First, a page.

How to develop crisis leadership using extreme fiction pt2

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Written by David Buchanan and Markus Hällgren on 5 February 2021 in Features
Features

In the second instalment of a two-part feature David Buchanan and Markus Hällgren outline how L&D can use extreme fiction in their leadership development programmes

In part one of this article we explored how fictional narrative might help us to give leaders a way to explore unimaginable and catastrophic events. So how can learning professionals use these extreme stories and scripts as a catalyst in discussing disaster type situations with leaders and their teams?

One powerful way to use extreme fiction involves short ‘trigger incidents’ – segments which show a leader faced with a challenging problem (see below). This approach works well with groups of 12 to 15 participants, in a one- to two-hour session, leading to an assessment of the pluses and minuses of a leader’s options in crisis situations. 

One senior Swedish police officer explained that ‘extreme fiction allows us to explore new ways of leading and organising ourselves’ more creatively than with scenarios that are more familiar.

Participants often conclude that crisis leadership is most effective when it is shared, using the resources of the group as a whole, and not dependent on one individual

To transfer learning to participants’ own organisations, have them identify the profile of knowledge, skills, and attributes for a leader in their own organisations in a ‘response mode’ crisis. Where are the current gaps? How can these be filled?

Participants often conclude that crisis leadership is most effective when it is shared, using the resources of the group as a whole, and not dependent on one individual. Another conclusion is that ‘soft’ skills are at a premium in this ‘hard’ environment. The ideal person spec looks like this:

  • you must be comfortable working in an unfamiliar, unpredictable, stressful situation
  • you will have to improvise; there are no predefined crisis management plans to follow
  • you lead with the group’s consent; they can replace you if you are not doing a good job
  • others may want your leadership role; you may have to fight them for it –  literally
  • you will often have to make rapid decisions with no time to discuss, assess, or reflect
  • you will be dealing with multiple challenges at the same time – all of them priorities
  • ethical dilemmas have no right answers; you must be tolerant of ambiguity
  • you will often be outside your comfort zone, doing things that you would not do in normal situations
  • conflict management skills are essential, including the ability to de-escalate violence
  • you must be prepared to resort to violence yourself, for example killing others before they can kill you or members of your group.

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Example trigger incident from The Walking Dead, season 2, episode 8, 7 minutes

Hershel allows Rick and his group to stay at his farm. When Hershel goes missing, Rick and Glen find him in an abandoned bar in the town, and join him for a drink. Then two strangers arrive: Dave and Tony. They seem friendly. They ask Rick where he and his friends are staying. Rick doesn’t want to say. But Dave guesses that they have a farm, and asks if he and his group can join them. Rick says that the farm is too crowded. Dave says they could pool resources; ‘we’re all in this mess together’. When he sees that Rick is not convinced, Dave smiles and says ‘relax’, and slowly puts his gun on the bar where everyone can see it. He then turns around to find some whisky and pours himself a drink [pause video when Rick says ‘I hear Nebraska’s nice’]. What should Rick do?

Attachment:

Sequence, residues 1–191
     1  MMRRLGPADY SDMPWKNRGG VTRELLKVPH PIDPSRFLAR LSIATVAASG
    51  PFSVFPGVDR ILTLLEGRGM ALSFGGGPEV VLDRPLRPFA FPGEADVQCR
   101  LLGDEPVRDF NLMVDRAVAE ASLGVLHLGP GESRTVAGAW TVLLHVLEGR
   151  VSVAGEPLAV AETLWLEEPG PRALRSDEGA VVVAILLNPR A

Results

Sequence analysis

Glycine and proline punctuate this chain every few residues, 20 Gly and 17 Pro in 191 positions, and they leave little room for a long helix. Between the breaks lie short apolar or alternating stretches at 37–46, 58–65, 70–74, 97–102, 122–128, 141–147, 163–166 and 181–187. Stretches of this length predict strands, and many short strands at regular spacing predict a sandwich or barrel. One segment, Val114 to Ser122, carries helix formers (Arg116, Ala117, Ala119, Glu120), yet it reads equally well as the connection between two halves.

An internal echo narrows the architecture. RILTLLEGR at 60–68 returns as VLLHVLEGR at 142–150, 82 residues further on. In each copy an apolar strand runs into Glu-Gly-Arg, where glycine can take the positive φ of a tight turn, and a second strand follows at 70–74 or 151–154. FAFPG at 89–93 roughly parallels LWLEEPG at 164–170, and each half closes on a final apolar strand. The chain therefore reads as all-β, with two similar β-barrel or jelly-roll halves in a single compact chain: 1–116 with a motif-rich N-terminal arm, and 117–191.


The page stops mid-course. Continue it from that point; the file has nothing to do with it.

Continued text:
• Remind Dave and Tony that he is a former sheriff, and tell them to leave.
  • Keep Dave talking, and find out more about their group.
  • Shoot Dave and Tony if they make any hostile moves.
  • Let Dave and Tony bring their group to the farm, extra hands are always useful.*

*Dave reaches for his gun, Rick shoots him, then shoots Tony as he levels his shotgun

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The demands are high, the pace is relentless, and the role is tiring and stressful, requiring stamina and resilience. Leaders’ directive ‘command and control’ style may work well in a ‘routine’ crisis, but it may not be so useful in an extreme situation.

Groups of survivors are typically strangers thrown together at random, not trained to deal with crises. But they may bring valuable experience, knowledge, and skills from their pre-crisis lives. Leaders will need to be ready to stand back, and to rotate and share the leadership role with others who have different experience, skill, and information.

Beyond learning lessons

We are not just concerned to ‘learn the lessons’ from zombies. This approach has more ambitious L&D aims.

To stimulate the imagination and shatter complacency – that something like this could never happen! It should heighten awareness of our vulnerabilities and develop creative responses and workable solutions. By increasing creative capacity it makes us more comfortable with uncertainty and hopefully reduce response times when the unpredictable happens.

The more extreme the extreme fiction, the more valuable it is likely to be in helping us to achieve those aims.

You can read part one of this piece here.

 

About the authors

David A. Buchanan is emeritus professor of organisational behaviour at Cranfield University School of Management. Markus Hällgren is professor of management at Umeå University School of Business, Sweden.

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